ByOn December 28, 2015
Most people still don’t realize that the world’s largest seed company, Monsanto, was heavily involved in the production of Agent Orange, a devastating chemical used in the Vietnam War that caused unspeakable damage to humans and the environment.
Agent Orange was designed to strip the Vietnamese environment of its dense jungle cover to aid in military campaigns. It demonstrates toxic herbicides are not only capable of harming health and the environment, but also capable of being used as weapons of war.
Decades later, herbicides are once again being weaponized, this time in the Gaza Strip where it has been reported that Israeli planes have utilized the chemicals to kill large amounts of crops, punishing local citizens already suffering under the harsh effects of occupation.
The Israeli military has admitted to spraying crop-killing herbicides on hundreds of acres of farmland near the border fence. Spinach, pea, parsley and bean crops were reportedly destroyed.
Shai Grunberg, spokesperson for Gisha, an Israeli rights organization, condemned the sprayings, which lasted for several days straight.
“Spraying crop-killing pesticides, like opening fire at people of all ages and gender in the vicinity of the fence, puts civilian lives at risk and hurts livelihoods,” he said. Unarmed farmers and scrap collectors are reportedly shot in this area, which the Israeli side maintains as a “no-go zone.”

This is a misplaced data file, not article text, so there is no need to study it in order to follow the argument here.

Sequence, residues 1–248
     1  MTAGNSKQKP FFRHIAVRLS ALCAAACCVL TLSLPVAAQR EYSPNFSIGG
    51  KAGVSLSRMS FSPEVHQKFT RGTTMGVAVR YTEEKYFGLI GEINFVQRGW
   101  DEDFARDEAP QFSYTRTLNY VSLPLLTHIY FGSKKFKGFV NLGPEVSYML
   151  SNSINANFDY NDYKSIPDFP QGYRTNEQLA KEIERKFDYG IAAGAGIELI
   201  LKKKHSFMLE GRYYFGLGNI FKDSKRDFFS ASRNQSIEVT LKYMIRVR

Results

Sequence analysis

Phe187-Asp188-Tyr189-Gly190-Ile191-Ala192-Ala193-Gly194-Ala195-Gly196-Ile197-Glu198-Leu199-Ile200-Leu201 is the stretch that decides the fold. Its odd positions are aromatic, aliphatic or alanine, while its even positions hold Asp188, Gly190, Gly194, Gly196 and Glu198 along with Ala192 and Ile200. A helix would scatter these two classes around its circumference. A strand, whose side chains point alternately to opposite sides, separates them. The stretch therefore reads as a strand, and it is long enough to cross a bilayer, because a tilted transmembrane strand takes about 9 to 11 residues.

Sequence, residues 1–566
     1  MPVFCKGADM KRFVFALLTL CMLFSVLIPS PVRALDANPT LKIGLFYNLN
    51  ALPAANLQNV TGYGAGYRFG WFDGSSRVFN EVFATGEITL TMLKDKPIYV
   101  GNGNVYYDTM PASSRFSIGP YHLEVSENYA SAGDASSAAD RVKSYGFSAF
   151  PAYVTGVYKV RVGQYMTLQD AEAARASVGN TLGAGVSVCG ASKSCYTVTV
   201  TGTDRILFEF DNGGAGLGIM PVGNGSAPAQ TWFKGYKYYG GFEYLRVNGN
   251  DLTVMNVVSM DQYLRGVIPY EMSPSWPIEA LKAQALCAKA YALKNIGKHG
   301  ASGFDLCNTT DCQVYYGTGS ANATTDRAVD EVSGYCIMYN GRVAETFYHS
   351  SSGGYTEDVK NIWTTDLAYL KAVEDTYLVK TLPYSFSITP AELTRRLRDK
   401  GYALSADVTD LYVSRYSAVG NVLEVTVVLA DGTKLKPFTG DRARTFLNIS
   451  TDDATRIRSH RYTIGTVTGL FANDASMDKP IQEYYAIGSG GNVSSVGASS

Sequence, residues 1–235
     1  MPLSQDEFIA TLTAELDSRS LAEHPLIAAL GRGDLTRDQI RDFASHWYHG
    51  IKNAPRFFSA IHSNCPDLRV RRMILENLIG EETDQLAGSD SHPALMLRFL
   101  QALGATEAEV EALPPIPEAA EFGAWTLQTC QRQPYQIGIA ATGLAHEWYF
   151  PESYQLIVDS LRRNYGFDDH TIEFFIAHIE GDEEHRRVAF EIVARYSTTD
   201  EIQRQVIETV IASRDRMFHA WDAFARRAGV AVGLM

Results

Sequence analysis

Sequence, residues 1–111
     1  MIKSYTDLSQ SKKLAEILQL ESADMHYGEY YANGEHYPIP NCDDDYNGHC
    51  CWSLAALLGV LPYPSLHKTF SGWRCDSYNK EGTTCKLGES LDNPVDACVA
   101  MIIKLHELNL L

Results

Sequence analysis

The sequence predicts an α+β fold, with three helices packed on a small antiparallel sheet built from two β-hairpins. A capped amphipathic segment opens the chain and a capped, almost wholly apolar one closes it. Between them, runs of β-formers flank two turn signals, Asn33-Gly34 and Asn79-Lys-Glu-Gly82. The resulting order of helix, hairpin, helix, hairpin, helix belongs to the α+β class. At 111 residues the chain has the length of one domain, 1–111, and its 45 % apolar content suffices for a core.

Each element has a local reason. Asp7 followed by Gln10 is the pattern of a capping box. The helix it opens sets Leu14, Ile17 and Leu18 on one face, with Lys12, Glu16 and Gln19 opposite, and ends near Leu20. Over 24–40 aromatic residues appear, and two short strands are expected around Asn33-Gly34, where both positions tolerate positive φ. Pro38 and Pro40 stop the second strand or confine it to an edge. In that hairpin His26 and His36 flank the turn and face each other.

The army reportedly prefers to keep the border areas as clean of vegetation as possible to maintain sight lines for what they say are possible threats approaching the fence areas, which may include either barbed wire or even large concrete walls with guard towers.
Wael Thabet, head of the plant protection department at the Gaza Agriculture Ministry, said that several farmers informed him that Israeli planes had sprayed their lands with pesticides, killing off important crops.
A recent study found that people in the area, on the other side of the fence, have a dramatically higher risk of Parkinson’s Disease due to exposure to similar pesticides, which could be bad news for those in the region exposed to this past week’s sprayings.
Nick Meyer writes for March Against Monsanto and the website AltHealthWorks.com. Editor’s note: The USDA classifies herbicides as pesticides, hence the widespread use of this “umbrella” term in the media.